Do you know where your state's sex offenders are? Well, Missouri police have LOST 1,200, says report
Local authorities in Missouri do not know the locations of more than 1,200 sex offenders, according to reports.
According to Missouri Auditor Nicole Galloway, children in the state are not safe from sexual predators. After conducting an audit of registered sex offenders in Missouri, Galloway understood that Jackson County has the highest percentage of sex offenders who are not in compliance. Law enforcement authorities have no idea of their whereabouts, and thereby neither do you.
Over 1,200 registered sex offenders are found to be unaccounted for statewide, with 800 of them belonging to Tier Three - which includes people convicted of child molestation, rape and sodomy.
A convicted sex offender is required to register with local law enforcement wherever they move to. During that process, they must provide their name, address, and other vital information which would be published on a website maintained by the Missouri State Highway Patrol visible to all.
A law-abiding citizen has access to this database, where they can know where sex offenders are living and be aware if one is lurking in their neighborhood. Such information is extremely critical to the safety of a family.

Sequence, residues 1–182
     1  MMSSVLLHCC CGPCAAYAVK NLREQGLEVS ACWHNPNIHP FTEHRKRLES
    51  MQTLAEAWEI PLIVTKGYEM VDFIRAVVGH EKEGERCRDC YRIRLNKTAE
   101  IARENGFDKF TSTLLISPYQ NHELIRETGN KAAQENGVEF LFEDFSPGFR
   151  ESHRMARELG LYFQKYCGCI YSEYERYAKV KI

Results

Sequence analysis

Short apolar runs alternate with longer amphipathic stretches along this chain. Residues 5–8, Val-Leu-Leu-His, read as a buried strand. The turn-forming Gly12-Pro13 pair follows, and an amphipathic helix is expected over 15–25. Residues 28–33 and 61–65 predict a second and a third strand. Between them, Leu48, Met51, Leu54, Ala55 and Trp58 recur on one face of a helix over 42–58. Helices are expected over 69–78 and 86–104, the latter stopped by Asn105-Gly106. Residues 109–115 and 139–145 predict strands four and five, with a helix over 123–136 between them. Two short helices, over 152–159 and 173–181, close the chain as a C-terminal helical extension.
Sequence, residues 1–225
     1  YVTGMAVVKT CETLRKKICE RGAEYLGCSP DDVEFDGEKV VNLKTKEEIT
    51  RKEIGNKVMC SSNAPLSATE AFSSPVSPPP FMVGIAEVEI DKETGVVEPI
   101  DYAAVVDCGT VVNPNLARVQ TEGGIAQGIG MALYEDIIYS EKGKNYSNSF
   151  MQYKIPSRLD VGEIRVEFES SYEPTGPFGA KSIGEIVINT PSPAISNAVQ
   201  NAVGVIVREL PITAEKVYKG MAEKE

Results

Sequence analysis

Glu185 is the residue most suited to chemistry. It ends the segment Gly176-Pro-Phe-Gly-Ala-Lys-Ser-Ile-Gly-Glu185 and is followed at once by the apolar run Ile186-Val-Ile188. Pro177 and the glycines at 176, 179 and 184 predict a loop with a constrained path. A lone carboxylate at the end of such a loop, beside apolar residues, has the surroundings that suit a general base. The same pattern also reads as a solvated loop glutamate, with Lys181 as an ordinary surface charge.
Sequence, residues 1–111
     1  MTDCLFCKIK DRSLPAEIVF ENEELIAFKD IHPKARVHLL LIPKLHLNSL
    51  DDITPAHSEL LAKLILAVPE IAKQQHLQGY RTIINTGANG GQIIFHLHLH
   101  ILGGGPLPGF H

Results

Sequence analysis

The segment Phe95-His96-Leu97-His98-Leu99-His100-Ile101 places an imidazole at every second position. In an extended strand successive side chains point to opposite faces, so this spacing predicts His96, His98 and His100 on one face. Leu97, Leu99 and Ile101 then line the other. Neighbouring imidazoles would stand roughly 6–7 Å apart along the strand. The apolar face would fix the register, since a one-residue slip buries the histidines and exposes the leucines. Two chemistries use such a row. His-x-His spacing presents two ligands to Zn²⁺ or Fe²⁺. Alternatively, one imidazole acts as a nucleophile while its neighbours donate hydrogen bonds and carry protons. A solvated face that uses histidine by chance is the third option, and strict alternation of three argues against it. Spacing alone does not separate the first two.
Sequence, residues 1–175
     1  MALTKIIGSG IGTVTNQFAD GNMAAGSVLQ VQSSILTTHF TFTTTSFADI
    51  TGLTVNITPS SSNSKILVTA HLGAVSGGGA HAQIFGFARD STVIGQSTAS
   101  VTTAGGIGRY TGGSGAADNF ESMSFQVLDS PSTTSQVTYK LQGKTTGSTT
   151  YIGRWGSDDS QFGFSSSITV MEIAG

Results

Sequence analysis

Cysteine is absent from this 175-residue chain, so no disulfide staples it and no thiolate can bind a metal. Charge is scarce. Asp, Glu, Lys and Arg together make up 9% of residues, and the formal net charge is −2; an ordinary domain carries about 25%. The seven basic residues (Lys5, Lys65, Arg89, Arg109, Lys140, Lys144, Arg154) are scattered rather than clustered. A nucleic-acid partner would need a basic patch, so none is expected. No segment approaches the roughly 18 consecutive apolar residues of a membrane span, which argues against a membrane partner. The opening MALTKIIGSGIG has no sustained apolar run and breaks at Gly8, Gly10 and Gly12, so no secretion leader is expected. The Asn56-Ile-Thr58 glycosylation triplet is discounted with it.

Addressing a news conference on Monday, Galloway said, “So what our audit found is that law enforcement must do more to hold these predators accountable for following the law. Here in Jackson County, the numbers are especially concerning.”
The audit was reportedly conducted in February and May 2018. Darryl Forte, who took over as the new Jackson County Sheriff after the audit, was shocked to see the missing numbers.
On August 28, Forte decided to take initiative and thus put a policy in place in order to track 456 registered sex offenders whose current locations were unknown. His agency has so far apprehended 30 of them and is working day and night to locate all of them - a problem he inherited, Fox4 Kansas reports.
“We just updated the sex offender policy. It hadn’t been updated since 1997,” Forte said. “I sum it up as lack of leadership. And again, I want to stress we have some great people here. They just need some leadership. They need some guidance.”
Now, residents of Jefferson City are slowly noticing the efforts of the new County Sheriff.
“I do know here in Jackson County the sheriff has acknowledged this issue,” Galloway said. “There is a new sheriff who has acknowledged this issue, and I am glad he is making this a priority. I would like to see that across the state.”
That said, warrants have not been issued for almost 91 percent of the more than 1,200 missing sex offenders statewide, meaning if one who is registered in Jackson County gets pulled over in Clay County, the officer would have no way of knowing that person has been non-compliant.